Netflix has a series of “30 for 30” documentaries typically revolving around sports. Even if you are not a sports fan, the documentaries are usually very interesting and informative. The documentary “Broke” on Netflix was not an exception to this.
The documentary interviews a variety of athletes about their finances during and after playing professional sports. It discusses all the costs that often go into being a professional athlete and the lifestyle it entails. What’s interesting is that this film explores not only obvious aspects in this subject, but specific issues that are often left unconsidered.
For example, one issue the documentary explored was how often friends and family ask for money from their athletic relatives. This is an indirect effect that is not often talked about as an issue among celebrity athletes. However, part of what helps this documentary to succeed is the uncovering of these more specific issues.
This may sound small in comparison to how much society perceives athletes to make, but the documentary dispels the idea that all professional athletes make millions. Additionally, after the variety of problems talked about in this film, it’s shocking the amount of money athletes must spend on clothing, managers and even medical bills.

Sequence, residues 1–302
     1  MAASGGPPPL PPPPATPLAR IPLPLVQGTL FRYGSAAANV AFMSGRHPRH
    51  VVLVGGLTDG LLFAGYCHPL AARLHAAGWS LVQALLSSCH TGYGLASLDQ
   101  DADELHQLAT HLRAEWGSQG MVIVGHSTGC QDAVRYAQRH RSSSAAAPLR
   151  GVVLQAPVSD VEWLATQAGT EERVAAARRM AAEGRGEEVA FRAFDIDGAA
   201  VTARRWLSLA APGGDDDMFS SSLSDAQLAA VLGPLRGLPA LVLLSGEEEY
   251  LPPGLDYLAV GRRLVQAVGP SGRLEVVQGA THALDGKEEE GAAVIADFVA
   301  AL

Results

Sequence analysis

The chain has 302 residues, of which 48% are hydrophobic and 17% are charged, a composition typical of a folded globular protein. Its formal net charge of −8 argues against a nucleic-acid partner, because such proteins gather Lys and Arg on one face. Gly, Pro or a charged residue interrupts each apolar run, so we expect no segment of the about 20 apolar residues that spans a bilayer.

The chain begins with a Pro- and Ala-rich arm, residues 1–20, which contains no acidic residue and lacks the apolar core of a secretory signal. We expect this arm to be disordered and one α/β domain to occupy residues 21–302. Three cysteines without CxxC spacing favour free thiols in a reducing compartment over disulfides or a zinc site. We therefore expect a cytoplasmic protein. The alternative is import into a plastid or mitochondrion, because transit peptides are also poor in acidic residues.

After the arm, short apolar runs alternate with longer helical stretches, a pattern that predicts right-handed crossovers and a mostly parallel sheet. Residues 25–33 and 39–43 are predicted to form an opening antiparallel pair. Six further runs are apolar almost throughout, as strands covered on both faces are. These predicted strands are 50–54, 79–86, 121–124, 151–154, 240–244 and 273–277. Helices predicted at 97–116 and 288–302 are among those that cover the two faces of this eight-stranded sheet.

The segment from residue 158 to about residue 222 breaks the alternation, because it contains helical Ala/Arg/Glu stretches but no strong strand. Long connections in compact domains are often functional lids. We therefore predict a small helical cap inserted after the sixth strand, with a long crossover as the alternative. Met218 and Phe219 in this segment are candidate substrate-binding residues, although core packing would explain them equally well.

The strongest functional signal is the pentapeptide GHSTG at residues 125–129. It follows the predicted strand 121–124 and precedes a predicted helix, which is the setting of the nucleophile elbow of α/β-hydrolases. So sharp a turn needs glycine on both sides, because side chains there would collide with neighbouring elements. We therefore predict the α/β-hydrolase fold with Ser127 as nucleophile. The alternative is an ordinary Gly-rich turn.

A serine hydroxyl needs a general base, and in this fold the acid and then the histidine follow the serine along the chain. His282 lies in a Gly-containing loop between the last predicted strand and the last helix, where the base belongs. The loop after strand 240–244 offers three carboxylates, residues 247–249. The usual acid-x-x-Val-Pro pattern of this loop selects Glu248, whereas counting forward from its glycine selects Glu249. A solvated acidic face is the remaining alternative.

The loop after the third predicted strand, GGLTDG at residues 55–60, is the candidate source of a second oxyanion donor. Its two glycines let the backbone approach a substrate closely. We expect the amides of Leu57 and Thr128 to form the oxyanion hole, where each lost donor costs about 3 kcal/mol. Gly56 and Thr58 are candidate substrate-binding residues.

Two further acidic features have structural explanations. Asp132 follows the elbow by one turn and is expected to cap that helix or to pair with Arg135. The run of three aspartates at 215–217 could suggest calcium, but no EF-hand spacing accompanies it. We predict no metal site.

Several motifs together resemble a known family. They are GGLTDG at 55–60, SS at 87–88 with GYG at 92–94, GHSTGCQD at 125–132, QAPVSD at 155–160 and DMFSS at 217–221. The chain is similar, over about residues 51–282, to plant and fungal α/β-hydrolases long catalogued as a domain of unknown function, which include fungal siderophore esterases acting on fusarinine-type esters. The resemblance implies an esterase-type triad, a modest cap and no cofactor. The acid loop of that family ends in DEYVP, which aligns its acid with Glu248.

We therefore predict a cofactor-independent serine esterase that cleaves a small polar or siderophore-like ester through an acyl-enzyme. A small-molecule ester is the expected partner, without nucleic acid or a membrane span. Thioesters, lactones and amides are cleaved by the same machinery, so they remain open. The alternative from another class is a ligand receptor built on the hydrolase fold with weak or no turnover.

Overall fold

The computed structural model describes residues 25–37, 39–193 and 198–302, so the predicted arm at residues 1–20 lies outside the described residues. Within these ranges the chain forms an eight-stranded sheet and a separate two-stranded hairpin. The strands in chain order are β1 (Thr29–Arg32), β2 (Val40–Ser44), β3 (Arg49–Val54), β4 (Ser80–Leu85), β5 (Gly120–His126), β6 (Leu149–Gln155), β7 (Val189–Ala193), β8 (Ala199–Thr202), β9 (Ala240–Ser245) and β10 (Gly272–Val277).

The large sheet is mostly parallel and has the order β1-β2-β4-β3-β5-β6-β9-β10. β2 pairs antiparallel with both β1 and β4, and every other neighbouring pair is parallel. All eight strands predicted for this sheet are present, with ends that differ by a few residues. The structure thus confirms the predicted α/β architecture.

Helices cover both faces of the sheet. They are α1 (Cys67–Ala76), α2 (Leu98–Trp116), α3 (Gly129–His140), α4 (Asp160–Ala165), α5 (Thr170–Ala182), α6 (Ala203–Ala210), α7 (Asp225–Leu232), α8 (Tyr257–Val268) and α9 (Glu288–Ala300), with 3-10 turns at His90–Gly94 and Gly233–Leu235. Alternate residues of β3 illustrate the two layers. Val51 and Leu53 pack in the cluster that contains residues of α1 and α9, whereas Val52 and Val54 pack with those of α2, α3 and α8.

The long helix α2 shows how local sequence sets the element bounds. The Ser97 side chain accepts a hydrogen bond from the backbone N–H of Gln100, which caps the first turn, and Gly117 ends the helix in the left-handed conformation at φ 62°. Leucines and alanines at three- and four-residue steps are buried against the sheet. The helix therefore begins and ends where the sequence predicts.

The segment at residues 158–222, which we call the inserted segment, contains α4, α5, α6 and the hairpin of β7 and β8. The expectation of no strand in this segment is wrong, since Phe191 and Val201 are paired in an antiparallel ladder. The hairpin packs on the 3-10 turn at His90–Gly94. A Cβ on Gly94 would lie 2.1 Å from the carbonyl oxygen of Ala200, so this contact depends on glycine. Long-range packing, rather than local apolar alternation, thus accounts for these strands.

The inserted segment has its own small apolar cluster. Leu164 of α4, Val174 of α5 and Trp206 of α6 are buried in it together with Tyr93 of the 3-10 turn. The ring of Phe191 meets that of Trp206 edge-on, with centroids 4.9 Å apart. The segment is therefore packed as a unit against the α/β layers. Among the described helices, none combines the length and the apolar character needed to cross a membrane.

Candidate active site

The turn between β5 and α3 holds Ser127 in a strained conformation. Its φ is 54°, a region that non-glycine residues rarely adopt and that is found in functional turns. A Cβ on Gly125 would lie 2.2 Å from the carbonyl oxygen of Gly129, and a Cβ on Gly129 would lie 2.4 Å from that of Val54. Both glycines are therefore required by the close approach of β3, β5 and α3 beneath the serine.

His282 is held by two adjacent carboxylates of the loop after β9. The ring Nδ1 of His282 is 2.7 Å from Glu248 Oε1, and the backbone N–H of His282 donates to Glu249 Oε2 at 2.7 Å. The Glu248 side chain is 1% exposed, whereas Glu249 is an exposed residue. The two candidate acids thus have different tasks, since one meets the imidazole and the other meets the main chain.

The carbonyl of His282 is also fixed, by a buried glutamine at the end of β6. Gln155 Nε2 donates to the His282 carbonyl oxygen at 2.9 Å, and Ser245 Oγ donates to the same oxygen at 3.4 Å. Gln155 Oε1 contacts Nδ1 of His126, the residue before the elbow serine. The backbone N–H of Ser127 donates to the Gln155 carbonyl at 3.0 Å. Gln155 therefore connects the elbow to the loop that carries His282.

Because of the amount of interview clips on this subject, it emphasizes the main point of how many athletes are facing this issue. The interview clips included professional athletes as well as sports business professionals. Along with covering the variety of problems, it shows how many issues there are within the larger issue of professional athletes’ financials.
One area that was more difficult to understand was how some of the athletes splurged on hugely expensive items even though there is a known problem with former athletes running out of money. However, the documentary bookended this well by exploring the opportunities to educate athletes about their finances long before this problem arises.
Overall this documentary was incredibly informative, but given the severity of the subject, I feel as if the documentary could have set a more serious tone. The music was typically very light and the interviews were often very matter-of-fact. It had a little more opportunity to appeal to viewers emotions to create that level of understanding. Yet, the film was able to convey so much information in a fairly short amount of time, probably in part due to the focus on the interviews and less on background footage.
I give this documentary 4 out of 5 stars.